Pericardial calcification is commonly observed in patients with tuberculous constrictive pericarditis, radiation-induced pericarditis, or idiopathic pericarditis and those undergoing surgery [11]. Hence, PPM manifesting as pericardial calcification in these patients can easily be mistaken for tuberculous constrictive pericarditis (especially when the patient originates from regions with a high incidence of tuberculosis). In addition to pericardial calcification, there are other CT imaging features in this case report that are still similar to those in previous case reports on PPM. These include diffuse thickening of the pericardium, single or multiple nodules or mass shadows of different sizes observed within the pericardium, prominently thickened localized masses that can even compress the heart and lead to cardiac changes, and pericardial effusion or pleural effusion (usually complicating PPM). Pericardial effusion in PPM is mostly hemorrhagic and particularly prominent in patients with diffuse thickening of the pericardium. In patients with PPM, the symptoms of epicardial involvement can not only be attributed to obstruction of blood flow and cardiac tamponade, but also to congestive heart failure caused by myocardial infiltration [12]. Given the nonspecific signs and symptoms of PPM and its diverse imaging manifestations, While we understand that pericardial mesothelioma can be challenging to diagnose, however, diagnosis can be confirmed via a biopsy and histological examination as in this case. To reduce the misdiagnosis rate of PPM, we can associate the characteristics of malignant pericardial calcification with the following factors based on previous literature reports and an analysis of patient characteristics in this case report: (1) clinical manifestations of restrictive heart failure with no obvious cause and progressive changes in disease conditions within several weeks; (2) a large amount of pericardial effusion with hemorrhagic changes and no alleviation after repeated needle aspiration; (3) diffuse and uneven thickening of the pericardium with even and localized mass shadows; (4) pericardial calcification in irregular clumps, multilobed patterns, and burr-like changes to the boundary of calcified lesions; and (5) brittle pericardium with a rich blood supply and no clear boundary with the myocardium can be observed during surgery. Although the above-mentioned characteristics cannot confirm the diagnosis of PPM, they can serve as warning signs of malignant pericardial tumors and reduce the misdiagnosis of PPM as other benign pericardial calcifications. At present, there is no effective treatment for PPM, and PPM treatment is still based on therapeutic recommendations for pleural and peritoneal mesothelioma. For rapidly progressing PPM, the difficulty in early diagnosis is still one of the main reasons for its poor prognosis. Therefore, the survival time of such patients can be effectively extended by improving the early detection of PPM, reducing misdiagnosis, and adopting personalized, multidisciplinary, and comprehensive treatment strategies in clinical practice [13].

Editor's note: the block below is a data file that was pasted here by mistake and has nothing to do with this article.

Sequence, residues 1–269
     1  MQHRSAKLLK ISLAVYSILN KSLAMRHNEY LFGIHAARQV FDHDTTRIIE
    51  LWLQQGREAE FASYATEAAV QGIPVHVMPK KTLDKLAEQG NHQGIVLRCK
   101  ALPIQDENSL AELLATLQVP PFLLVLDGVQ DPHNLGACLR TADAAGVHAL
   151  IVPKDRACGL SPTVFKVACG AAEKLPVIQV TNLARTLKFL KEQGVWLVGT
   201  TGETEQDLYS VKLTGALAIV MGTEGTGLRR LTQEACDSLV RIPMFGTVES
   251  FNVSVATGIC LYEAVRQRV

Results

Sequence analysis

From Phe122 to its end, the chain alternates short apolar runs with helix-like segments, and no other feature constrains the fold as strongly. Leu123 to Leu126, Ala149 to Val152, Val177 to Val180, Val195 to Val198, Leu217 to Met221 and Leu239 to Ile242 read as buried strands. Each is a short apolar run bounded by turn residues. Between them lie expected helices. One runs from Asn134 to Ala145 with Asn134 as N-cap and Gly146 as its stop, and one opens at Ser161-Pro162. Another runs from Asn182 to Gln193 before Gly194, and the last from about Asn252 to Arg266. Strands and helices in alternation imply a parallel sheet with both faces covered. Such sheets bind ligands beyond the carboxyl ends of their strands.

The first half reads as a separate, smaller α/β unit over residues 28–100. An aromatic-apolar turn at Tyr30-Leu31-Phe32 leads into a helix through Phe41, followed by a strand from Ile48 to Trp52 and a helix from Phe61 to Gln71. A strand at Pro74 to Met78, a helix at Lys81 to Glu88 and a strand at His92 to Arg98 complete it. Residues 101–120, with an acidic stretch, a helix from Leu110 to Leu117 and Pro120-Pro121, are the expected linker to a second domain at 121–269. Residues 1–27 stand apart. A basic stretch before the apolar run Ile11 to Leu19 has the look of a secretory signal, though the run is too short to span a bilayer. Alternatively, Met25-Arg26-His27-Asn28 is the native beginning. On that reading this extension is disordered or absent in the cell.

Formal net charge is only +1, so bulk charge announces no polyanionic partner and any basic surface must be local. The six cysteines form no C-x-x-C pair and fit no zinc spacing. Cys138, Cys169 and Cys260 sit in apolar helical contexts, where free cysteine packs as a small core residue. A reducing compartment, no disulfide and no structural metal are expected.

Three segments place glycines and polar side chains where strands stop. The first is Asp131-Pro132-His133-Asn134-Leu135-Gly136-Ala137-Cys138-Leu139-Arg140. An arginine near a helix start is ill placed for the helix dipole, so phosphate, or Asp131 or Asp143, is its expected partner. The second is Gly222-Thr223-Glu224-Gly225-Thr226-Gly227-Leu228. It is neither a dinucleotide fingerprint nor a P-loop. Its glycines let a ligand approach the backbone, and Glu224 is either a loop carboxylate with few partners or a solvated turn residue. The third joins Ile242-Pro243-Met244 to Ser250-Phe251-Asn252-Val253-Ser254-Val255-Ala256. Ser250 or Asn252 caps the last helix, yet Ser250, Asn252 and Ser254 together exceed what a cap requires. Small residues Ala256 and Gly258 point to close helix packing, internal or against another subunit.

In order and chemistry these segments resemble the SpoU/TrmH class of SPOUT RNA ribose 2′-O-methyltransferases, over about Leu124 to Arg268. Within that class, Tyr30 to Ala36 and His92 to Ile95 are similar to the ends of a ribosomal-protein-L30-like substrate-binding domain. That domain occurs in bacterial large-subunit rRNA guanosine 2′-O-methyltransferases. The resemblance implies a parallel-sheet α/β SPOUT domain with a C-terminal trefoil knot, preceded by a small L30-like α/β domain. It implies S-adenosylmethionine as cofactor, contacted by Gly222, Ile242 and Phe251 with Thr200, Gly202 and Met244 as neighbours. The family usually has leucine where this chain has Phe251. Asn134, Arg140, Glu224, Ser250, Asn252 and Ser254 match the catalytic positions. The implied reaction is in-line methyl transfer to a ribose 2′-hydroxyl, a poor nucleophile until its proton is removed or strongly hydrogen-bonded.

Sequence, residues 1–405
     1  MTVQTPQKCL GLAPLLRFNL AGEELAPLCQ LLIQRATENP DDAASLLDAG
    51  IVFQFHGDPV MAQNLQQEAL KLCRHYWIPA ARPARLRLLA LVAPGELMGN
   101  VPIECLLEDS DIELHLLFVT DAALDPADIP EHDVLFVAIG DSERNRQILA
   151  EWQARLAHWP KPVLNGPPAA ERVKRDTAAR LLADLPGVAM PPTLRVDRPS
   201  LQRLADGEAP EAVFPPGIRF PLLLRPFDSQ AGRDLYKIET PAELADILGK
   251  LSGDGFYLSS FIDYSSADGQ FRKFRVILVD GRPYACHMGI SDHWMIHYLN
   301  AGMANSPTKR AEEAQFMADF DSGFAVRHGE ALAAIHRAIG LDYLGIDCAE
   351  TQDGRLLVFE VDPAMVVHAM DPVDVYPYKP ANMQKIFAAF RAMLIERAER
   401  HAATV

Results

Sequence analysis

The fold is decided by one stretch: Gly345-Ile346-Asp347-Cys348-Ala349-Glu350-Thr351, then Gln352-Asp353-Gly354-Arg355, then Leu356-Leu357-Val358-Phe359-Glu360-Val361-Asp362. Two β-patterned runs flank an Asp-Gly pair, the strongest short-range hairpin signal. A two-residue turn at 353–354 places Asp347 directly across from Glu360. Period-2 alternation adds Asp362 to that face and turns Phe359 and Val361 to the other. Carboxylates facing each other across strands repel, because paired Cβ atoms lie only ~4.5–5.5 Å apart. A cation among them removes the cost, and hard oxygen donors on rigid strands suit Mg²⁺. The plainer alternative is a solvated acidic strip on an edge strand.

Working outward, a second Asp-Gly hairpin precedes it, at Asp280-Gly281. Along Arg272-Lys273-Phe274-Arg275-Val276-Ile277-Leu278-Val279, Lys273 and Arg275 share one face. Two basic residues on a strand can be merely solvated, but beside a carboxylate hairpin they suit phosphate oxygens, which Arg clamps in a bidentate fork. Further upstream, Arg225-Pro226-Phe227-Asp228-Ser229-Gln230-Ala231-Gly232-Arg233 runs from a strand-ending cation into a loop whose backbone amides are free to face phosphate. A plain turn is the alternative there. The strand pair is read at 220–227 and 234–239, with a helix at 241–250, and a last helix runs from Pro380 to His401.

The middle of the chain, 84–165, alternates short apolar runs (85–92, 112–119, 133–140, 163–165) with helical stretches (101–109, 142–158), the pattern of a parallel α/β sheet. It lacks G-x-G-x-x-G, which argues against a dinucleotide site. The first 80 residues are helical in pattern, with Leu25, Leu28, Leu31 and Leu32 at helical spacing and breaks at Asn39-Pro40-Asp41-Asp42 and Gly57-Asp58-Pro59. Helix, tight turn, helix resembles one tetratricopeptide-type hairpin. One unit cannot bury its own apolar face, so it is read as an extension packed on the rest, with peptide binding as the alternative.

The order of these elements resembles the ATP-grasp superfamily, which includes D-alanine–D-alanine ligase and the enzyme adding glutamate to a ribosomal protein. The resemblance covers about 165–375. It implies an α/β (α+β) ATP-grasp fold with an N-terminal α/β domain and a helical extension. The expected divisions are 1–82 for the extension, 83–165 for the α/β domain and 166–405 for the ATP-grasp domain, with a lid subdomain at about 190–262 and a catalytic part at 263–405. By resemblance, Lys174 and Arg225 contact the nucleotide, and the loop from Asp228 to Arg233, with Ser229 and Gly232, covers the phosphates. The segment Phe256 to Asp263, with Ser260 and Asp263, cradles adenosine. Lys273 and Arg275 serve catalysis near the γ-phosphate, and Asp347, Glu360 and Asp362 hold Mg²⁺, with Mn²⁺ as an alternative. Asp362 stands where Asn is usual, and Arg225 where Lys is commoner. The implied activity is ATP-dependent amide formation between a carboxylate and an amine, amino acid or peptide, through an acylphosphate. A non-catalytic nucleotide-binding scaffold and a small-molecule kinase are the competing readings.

In conclusion, highly heterogeneous PPM cells can also evolve to form calcified lesions. Therefore, although extremely rare, radiological evidence of pericardial calcification may already be present in some PPM cases. Understanding the radiological features of malignant pericardial calcifications, combined with the rapidly evolving natural history, can help narrow the differential diagnosis and enable timely diagnosis of PPM.

Availability of data and materials

All data generated or analysed during this study are included in this published article.



Pericardial mesothelioma


Doppler tissue imaging


Computed tomography




Cytokeratin (CK)


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We would like to thank the medical imaging and pathology disciplines of our college for their support.


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Writing—original draft preparation, JZ; writing—review and editing, XY; project administration, DL; image acquisition, DZ; follow-up, KG. All authors read and approved the final manuscript.

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Correspondence to Xiaorong Yang.

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Zhang, J., Liu, D., Zhang, D. et al. Primary pericardial mesothelioma complicated by pericardial calcification. BMC Cardiovasc Disord 23, 125 (2023).